The Shadow Throne is written by Jennifer A. Nielsen. It was published in 2014 by Scholastic. It is the third and final book in the Ascendant Trilogy. My review of the first two books can be found here and here, respectively. Nielsen’s website can be found here.
“War has come to Carthya. It knocks at every door and window in the land. And when Jaron learns that King Vargan of Avenia has kidnapped Imogen in a plot to bring Carthya to its knees, Jaron knows it is up to him to embark on a daring rescue mission. But everything that can go wrong does.
His friends are flung far and wide across Carthya and its neighboring lands. In a last-ditch effort to stave off what looks to be a devastating loss for the kingdom, Jaron undertakes what may be his last journey to save everything and everyone he loves. But even with his lightning-quick wit, Jaron cannot forestall the terrible danger that descends on him and his country. Along the way, will he lose what matters most? And in the end, who will sit on Carthya’s throne?”
This review will contain spoilers. Skip the “What I Didn’t Like” section if you want to remain unspoiled as to one of the plot reveals.
What I Liked:
I enjoyed the fact that Nielsen continued the “I’m not telling you everything” first-person POV that was so prominent in The False Prince. It’s not something you see every day, so it makes for an interesting and memorable read.
I liked the theme of sacrifice and the lessons that Jaron learned during the war. He’s definitely grown from that distrusting thief of the first book. He’s also quite witty and intelligent (most of his dialogue is just him shooting zingers at people), and seems to have a knack for setting things up twenty moves in advance. He’s a Plucky Boy Hero, but a capable one (as opposed to most, who stumble through situations because of luck and their own outrageous behavior).
So…there was no problem at all with Jaron and Imogen getting married despite the difference in social class? Granted, Jaron wouldn’t be the type to take “No” for an answer and would form a law or something that would allow him to marry her. Anyway, it was a cute romance. Also very understated and much less central than most YA romances, which is nice.
What I Didn’t Like:
I said above that I liked the POV, but at the beginning I wasn’t so fond of it. I thought it was frustrating and allowed an excuse for a lack of description. But the end was pretty cool, so I mostly got over it. Mostly.
I would like to know if anyone was surprised to find that Imogen was not dead, after all. The minute she “died” I knew, “Yeah, she’s not dead.” I didn’t believe that Nielsen would kill off her main character’s love interest, and so of course I ardently hoped that just this once, yes, she would be actually dead. Alas. It would been interesting to see Jaron move on without her.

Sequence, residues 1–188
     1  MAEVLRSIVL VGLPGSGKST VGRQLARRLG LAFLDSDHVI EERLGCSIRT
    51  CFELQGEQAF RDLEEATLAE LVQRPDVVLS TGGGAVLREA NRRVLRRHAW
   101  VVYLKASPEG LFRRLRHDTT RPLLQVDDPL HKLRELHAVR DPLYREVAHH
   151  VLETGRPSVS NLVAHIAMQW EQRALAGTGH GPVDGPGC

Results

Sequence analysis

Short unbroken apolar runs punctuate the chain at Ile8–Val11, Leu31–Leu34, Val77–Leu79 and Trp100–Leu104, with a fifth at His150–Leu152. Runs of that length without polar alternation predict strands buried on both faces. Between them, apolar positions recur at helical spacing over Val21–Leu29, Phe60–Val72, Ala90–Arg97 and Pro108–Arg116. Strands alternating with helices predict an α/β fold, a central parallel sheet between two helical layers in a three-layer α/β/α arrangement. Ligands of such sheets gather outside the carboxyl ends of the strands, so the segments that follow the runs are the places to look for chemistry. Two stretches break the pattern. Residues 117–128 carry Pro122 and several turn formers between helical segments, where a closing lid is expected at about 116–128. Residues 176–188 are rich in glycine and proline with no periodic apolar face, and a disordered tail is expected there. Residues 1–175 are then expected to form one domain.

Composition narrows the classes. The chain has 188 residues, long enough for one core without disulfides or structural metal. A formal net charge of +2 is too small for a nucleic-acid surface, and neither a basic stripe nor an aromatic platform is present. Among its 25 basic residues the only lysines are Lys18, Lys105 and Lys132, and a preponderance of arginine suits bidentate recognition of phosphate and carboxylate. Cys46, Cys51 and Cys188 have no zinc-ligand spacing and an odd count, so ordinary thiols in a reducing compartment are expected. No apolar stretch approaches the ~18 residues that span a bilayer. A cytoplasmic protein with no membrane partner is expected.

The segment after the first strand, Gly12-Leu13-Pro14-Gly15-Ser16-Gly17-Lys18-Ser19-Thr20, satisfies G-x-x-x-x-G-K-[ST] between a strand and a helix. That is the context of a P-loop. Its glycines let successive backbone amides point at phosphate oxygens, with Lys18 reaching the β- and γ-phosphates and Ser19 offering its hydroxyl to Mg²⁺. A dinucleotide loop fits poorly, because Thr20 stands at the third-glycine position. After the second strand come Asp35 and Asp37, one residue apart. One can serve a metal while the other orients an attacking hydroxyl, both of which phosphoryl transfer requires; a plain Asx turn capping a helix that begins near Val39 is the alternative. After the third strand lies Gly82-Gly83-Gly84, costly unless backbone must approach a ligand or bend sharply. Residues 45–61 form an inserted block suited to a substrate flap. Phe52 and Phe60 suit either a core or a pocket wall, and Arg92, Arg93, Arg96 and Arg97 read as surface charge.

Wait, Connor, what? What did you just do? Why? Did I miss something in an earlier book, or was this a recent development?
Recommended Age Range: 14+
Warnings: War, violence/fighting.
Genre: Fantasy, Young Adult
“I need to smile. Tell me something not awful.”
“There might never be a better time.”
“Okay.” He grinned as a story came to his mind. “The first two days after we began walking back to Carthya, after hearing of your death, both Amarinda and I were miserable.”
I arched an eyebrow. “This is the worst good story I’ve ever heard.”
“Hush. It’s coming.” Tobias’s eyes glazed as he was transported to that day. “Amarinda barely spoke a word for all that time, and I had no idea what I might say to her. It rained that night, and she and I were forced to take shelter beneath some thick underbrush. It was cold and so dark we could barely see our own fingers, and the night seemed to last forever.”
“I’m beginning to wonder if you understand what ‘not awful’ means,” I muttered.
“Will doubt be our enemy now?” I asked them. “Because doubt will defeat us far quicker than any army could. No plan is perfect, but that’s no reason to give up. Unless someone has a better option, then we will go forward as planned.” And hope against reason that I was not leading my men to their deaths.
One of my lieutenants leaned forward. “My king, we will follow you to the end. But we’ve seen their numbers. By my guess, we’re outnumbered as much as five to one.”
I sat back in my chair and smiled. ”Only five to one? We might consider sending home half our army, then, so as not to intimidate them.”
The Shadow Throne is a good end to the Ascendant Trilogy. Jaron shows his intelligence and his ability to be a good king to the uttermost and in some rather cool ways. There’s a lack of description that I found frustrating and a “twist” that was too obvious to be surprising, but overall, a satisfying conclusion.
You can buy this here: The Shadow Throne: Book 3 of The Ascendance Trilogy